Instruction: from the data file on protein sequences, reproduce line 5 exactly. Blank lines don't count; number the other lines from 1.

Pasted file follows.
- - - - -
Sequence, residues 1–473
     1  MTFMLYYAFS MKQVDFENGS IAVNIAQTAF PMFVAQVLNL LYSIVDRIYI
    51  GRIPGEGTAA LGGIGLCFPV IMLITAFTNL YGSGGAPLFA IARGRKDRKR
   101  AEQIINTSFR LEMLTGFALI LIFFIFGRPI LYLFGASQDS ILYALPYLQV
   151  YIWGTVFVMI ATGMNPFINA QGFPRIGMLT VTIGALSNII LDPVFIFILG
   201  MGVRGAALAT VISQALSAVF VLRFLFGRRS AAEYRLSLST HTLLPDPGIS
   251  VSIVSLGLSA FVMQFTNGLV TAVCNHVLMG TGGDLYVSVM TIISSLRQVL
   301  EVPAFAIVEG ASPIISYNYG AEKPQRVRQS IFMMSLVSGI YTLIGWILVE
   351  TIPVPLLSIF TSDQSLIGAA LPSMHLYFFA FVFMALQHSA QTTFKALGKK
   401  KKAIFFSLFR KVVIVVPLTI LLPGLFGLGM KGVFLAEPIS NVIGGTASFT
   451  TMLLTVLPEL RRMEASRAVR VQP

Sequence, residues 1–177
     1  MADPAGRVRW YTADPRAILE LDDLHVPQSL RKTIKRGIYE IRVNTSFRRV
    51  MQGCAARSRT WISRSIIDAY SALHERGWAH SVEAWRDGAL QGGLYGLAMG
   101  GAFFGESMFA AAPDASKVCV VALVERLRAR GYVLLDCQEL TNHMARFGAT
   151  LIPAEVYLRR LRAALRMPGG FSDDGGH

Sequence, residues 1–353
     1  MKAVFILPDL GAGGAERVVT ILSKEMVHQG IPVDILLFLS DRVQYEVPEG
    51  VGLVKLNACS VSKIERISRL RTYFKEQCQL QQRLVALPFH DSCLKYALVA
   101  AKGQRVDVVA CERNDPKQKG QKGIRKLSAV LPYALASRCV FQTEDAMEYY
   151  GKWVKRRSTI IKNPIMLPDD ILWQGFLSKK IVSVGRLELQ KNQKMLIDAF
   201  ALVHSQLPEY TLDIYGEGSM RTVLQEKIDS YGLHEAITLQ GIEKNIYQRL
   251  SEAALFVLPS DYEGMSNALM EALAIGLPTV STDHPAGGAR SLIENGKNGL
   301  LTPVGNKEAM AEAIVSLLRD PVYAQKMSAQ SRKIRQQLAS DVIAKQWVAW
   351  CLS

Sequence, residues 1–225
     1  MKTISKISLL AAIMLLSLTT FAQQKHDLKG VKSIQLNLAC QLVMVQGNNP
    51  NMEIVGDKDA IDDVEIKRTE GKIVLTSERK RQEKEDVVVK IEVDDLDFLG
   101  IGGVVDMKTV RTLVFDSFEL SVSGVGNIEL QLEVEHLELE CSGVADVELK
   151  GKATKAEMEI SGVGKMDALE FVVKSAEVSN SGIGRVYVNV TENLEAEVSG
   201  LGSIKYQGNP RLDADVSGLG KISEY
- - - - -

   151  YIWGTVFVMI ATGMNPFINA QGFPRIGMLT VTIGALSNII LDPVFIFILG